Certificates, certifications, badges, and licenses, what are they worth to the workforce? The last decade has seen huge growth in the number and variety of credentials, and this explosion has fueled a great deal of confusion among students, workers, job seekers, employers, and others. Job seekers can’t tell which credentials will help them earn and demonstrate their competencies, and obtain employment. Employers can’t identify the credentials that will ensure that employees know what a piece of paper says they know.
As more and more jobs require applicants to have training, education, or experience beyond a high school diploma, industry-based credentials have become a growing part of a competent workforce, providing new opportunities for job seekers and employers. But with less than 10% of the more than 4,000 personnel certification bodies active in the United States accredited by a third party, there is no common definition of quality or market value.
Even as the economy rebounds and unemployment drops, the United States faces a skills gap. According to the Bureau of Labor Statistics, there are 5.5 million job openings, and yet, 7.8 million individuals remain unemployed. This gap stems from a mismatch – many of today’s job seekers don’t have the competencies that industry is seeking for today’s high-skill manufacturing, technology, and service jobs.
A September 2014 survey by the Business Roundtable found that 52 percent of member CEOs considered the skills gap to be either “problematic” or “very problematic.” What’s even more alarming is that only 3 percent viewed the issue as “not a problem” at all.
At the same time, business leaders have doubts that U.S. higher education institutions in the U.S. are graduating students who meet their particular businesses’ needs. A 2014 Gallup poll revealed that only 11 percent of business leaders strongly agree that graduates have the necessary skills and competencies to succeed in the workplace. That’s in stark contrast to another recent survey, conducted by Inside Higher Ed in conjunction with Gallup, indicating that 96 percent of academic officers believe that they’re effectively preparing students for success in the workplace.
Formed in 2014 as an affiliate of the American National Standards Institute (ANSI), Workcred’s mission is to strengthen workforce quality by improving the credentialing system, ensuring its ongoing relevance, and preparing employers, workers, educators, and governments to use it effectively.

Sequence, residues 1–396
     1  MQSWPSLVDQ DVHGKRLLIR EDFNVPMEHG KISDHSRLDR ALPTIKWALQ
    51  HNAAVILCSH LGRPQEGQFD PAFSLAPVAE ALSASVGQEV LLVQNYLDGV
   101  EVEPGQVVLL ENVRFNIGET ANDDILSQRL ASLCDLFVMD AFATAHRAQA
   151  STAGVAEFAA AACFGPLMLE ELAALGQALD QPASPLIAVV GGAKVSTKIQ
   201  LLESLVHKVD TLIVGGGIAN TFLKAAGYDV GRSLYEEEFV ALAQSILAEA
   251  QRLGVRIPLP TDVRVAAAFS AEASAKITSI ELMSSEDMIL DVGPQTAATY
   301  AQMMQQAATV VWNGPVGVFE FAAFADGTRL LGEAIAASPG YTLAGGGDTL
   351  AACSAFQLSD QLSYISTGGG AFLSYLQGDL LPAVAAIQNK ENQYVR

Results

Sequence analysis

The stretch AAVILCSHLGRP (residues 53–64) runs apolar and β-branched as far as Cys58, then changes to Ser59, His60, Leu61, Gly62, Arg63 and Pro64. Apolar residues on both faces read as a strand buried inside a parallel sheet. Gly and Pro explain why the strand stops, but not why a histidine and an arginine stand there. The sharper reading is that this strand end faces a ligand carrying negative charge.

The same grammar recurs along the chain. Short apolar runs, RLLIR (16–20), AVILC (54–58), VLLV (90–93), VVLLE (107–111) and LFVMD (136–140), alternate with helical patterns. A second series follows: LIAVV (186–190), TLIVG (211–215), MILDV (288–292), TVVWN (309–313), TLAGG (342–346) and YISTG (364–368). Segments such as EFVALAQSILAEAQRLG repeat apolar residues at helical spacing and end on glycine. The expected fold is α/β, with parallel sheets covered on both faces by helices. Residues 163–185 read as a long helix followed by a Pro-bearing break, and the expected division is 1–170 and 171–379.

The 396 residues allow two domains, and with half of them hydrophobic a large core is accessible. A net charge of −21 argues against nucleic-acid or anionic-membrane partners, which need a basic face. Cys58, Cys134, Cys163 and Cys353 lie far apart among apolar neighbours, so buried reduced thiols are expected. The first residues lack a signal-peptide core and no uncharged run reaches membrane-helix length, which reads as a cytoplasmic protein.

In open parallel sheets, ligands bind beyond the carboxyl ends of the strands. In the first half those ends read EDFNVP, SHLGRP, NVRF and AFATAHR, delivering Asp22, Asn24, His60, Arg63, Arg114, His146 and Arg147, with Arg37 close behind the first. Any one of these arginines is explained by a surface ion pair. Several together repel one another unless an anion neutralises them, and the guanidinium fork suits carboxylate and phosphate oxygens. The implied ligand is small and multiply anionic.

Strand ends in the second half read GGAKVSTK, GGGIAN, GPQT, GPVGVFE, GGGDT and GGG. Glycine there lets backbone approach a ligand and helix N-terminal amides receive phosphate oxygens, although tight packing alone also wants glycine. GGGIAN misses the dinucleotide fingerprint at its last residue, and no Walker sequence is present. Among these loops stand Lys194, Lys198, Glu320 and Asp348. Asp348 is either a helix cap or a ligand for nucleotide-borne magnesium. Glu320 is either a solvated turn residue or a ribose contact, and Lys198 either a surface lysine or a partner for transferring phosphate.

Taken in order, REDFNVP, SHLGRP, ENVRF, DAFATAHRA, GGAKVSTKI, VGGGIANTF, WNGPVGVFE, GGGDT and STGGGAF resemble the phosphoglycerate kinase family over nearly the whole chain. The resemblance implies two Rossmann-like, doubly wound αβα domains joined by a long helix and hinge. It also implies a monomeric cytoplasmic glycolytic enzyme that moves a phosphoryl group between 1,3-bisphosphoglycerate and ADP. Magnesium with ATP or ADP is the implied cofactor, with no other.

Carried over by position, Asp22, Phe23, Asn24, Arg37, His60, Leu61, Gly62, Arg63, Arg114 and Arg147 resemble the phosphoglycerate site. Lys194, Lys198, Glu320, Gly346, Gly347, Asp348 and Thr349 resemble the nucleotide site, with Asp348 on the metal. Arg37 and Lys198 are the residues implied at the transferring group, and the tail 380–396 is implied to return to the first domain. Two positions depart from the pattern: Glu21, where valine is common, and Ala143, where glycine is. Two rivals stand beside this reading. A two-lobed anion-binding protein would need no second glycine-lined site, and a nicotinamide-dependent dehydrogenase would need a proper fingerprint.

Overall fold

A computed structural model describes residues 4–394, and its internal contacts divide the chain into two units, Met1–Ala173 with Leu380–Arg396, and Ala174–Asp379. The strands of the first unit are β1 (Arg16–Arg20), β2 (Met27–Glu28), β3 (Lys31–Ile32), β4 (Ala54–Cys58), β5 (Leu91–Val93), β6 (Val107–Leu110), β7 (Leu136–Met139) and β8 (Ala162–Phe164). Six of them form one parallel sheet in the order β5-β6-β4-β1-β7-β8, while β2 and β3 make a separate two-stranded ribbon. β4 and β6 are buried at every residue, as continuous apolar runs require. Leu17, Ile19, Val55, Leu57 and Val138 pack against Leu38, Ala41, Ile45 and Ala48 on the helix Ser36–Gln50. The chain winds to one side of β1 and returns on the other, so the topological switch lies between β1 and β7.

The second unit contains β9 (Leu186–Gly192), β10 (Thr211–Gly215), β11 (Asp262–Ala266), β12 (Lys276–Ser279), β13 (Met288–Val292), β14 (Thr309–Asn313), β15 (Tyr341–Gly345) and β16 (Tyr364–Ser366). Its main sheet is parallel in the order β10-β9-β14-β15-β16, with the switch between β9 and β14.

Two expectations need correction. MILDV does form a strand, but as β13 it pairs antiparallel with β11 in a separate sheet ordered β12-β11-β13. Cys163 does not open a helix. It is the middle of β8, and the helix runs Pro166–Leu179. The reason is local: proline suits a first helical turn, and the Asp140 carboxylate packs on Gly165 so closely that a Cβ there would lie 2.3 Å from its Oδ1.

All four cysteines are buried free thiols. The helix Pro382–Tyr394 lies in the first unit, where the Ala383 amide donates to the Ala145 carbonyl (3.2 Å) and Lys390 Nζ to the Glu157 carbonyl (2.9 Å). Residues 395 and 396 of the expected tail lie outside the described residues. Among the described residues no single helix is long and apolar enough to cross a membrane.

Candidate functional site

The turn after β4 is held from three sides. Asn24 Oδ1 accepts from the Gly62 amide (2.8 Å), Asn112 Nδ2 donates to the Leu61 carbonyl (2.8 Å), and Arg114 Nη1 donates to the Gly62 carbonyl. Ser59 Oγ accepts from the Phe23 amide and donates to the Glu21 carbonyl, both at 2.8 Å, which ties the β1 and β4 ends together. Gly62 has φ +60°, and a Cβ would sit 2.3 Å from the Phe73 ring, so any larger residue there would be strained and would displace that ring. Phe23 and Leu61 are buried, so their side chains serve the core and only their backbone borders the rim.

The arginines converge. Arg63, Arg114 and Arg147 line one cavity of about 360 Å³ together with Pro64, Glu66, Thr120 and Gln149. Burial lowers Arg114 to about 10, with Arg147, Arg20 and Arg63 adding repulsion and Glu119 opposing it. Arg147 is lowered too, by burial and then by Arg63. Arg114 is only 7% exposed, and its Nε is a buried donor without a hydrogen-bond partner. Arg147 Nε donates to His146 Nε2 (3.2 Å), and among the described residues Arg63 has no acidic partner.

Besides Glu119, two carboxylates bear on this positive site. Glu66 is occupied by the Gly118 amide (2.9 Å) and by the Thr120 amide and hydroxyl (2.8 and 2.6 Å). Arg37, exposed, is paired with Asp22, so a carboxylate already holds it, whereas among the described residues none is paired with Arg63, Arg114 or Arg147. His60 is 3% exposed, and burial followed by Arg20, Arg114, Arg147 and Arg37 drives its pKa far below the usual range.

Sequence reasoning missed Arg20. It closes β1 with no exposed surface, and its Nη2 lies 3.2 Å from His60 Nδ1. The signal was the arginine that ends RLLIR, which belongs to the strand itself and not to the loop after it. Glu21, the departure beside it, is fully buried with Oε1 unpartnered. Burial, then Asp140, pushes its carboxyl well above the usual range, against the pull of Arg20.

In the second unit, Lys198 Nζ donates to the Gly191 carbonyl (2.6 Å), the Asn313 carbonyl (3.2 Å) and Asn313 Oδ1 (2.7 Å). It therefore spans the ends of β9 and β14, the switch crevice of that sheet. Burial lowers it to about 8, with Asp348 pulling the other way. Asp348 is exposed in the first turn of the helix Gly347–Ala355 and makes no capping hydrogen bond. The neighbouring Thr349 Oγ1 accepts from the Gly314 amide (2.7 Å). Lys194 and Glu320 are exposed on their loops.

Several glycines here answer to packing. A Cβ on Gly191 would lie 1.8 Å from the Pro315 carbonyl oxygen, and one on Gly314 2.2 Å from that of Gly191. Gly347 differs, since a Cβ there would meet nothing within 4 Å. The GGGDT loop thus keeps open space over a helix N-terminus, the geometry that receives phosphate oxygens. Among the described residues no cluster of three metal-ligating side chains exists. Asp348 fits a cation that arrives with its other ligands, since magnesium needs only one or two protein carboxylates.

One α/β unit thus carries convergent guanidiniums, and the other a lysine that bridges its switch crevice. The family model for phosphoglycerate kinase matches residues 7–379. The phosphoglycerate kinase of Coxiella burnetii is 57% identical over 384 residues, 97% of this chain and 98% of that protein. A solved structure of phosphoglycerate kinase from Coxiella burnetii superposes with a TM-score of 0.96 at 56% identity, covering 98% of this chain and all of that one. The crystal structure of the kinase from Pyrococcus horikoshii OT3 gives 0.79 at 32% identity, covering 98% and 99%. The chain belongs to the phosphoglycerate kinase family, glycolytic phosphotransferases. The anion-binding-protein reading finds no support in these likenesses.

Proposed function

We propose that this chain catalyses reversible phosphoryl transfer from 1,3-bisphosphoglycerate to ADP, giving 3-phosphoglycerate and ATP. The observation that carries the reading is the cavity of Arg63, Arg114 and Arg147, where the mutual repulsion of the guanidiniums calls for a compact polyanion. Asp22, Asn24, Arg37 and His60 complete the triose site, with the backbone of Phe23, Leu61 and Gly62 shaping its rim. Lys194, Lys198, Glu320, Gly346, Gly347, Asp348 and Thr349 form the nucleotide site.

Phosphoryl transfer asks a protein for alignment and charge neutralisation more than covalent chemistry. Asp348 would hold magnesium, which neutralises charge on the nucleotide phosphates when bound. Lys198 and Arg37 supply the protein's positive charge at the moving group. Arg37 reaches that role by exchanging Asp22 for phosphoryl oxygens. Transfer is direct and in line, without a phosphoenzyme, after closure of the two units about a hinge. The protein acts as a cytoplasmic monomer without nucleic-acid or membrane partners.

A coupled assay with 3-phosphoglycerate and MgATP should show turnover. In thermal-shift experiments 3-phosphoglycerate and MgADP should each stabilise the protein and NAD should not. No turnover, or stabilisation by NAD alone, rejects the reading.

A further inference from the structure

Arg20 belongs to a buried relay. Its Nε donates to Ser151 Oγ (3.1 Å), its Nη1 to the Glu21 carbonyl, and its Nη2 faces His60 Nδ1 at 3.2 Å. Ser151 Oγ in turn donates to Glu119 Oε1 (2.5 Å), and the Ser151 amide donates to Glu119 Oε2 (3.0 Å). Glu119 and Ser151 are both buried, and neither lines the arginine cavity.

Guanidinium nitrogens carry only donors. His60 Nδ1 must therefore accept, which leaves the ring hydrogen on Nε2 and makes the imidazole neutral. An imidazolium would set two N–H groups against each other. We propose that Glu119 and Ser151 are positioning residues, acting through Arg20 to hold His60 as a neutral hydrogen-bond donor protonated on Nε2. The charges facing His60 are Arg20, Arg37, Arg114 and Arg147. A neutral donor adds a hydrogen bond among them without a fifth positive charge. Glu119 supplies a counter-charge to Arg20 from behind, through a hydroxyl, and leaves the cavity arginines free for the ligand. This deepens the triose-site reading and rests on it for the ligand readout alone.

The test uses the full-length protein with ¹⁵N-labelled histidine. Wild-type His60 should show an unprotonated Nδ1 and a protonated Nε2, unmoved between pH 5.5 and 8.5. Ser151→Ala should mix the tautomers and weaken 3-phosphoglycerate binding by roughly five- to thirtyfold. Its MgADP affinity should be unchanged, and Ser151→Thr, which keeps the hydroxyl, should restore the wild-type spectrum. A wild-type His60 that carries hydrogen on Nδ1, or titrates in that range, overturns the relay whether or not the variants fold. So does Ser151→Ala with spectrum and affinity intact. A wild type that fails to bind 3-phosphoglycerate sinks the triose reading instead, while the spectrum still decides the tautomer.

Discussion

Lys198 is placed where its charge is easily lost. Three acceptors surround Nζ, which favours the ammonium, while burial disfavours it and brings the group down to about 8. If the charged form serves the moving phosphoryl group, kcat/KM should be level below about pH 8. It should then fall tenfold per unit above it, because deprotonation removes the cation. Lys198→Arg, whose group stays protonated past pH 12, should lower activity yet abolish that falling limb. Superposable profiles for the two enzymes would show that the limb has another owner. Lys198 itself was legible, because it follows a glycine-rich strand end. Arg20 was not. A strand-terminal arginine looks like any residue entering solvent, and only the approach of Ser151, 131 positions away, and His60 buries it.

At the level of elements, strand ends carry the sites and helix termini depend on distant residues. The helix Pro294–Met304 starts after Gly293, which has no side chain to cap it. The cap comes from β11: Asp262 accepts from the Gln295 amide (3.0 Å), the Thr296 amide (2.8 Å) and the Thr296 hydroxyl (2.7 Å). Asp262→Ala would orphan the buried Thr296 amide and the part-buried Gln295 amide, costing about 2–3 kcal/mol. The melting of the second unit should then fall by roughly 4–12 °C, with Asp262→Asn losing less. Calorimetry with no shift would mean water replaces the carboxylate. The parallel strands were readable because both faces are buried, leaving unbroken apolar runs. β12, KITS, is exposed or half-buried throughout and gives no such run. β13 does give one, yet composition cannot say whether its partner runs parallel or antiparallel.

Through research, consulting, and educational fora, Workcred is working with industry, government, and training/education partners to improve the quality, effectiveness, and market value of credentials. Among other activities, we have been working closely with these groups to assess workforce needs, develop or revise credentials, create career pathways, and create better alignment between education/training, credentialing, and industry needs.
For example, Workcred is partnering with the National Institute of Standards and Technology (NIST) Manufacturing Extension Partnership to examine the quality, effectiveness, and market value of manufacturing credentials through a comprehensive study.
The collaborative research project aims to:
- Identify credentials being used by manufacturers that are representative of the industry.
- Evaluate the quality of the credentials against national and/or international standards.
- Determine the market value of credentials based on data from the credential issuer.
- Determine how the credential is being used and how the effectiveness of the credential is being determined in work settings through interviews with HR department officials, work supervisors, and individuals who hold the credentials.
- Identify the need for new credentials, the scope and outcomes needed of the credentials, and what organizations might be willing and capable of creating the credential.
Workcred is also involved in a groundbreaking technology initiative to create a web-based credential registry that will enable job seekers, students, workers, and employers to search for and compare credentials, just as you use travel apps to compare flights, rental cars,
and hotels. The registry will include educational degrees (AA, BA, BS, and MA degrees), certificates, industry certifications, occupational licenses, and micro-credentials.
Momentum and support for the registry are building fast. A new non-profit organization, Credential Engine, has been established to scale up the registry from its pilot phase and sustain its operation for the long term. Dozens of higher education institutions, credentialing organizations, and quality assurance (QA) entities are involved as registry participants who provide information about their credentials or QA processes to the registry, and more are signing on every day. By all indications, the registry is paving the way of the future credentialing ecosystem.
Achieving a coherent and navigable competency-based credentialing system is no simple matter, but it is within our reach. Like any worthwhile endeavor, it will require strategic partnerships and close collaboration between stakeholders, the business community, credentialing organizations, federal, state, and local governments, educational institutions, philanthropic associations, and more.